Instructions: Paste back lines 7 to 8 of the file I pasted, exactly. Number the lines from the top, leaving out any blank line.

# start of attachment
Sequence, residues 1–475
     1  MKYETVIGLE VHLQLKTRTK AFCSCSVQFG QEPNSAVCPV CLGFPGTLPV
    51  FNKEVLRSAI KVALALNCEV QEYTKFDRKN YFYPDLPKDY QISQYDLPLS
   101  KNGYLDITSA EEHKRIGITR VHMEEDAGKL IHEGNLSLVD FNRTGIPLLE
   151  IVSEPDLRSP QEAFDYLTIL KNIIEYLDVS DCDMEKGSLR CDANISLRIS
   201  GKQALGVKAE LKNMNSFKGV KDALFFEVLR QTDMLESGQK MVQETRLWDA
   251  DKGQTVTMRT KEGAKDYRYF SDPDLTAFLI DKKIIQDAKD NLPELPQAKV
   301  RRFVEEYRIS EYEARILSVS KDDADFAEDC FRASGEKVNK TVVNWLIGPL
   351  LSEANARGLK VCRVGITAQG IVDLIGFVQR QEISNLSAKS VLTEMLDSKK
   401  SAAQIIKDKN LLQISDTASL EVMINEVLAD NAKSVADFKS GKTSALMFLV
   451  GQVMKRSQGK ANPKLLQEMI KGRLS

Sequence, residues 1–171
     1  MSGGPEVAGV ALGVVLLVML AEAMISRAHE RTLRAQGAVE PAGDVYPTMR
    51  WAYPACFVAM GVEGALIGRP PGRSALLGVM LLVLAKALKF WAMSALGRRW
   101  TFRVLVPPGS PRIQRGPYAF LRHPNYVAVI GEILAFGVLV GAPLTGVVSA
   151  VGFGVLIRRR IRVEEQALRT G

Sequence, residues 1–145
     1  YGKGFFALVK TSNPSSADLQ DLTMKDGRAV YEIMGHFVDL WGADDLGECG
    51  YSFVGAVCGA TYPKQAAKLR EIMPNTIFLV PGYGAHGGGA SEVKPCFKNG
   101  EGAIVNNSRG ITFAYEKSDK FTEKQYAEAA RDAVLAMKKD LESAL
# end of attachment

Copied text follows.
   251  DKGQTVTMRT KEGAKDYRYF SDPDLTAFLI DKKIIQDAKD NLPELPQAKV
   301  RRFVEEYRIS EYEARILSVS KDDADFAEDC FRASGEKVNK TVVNWLIGPL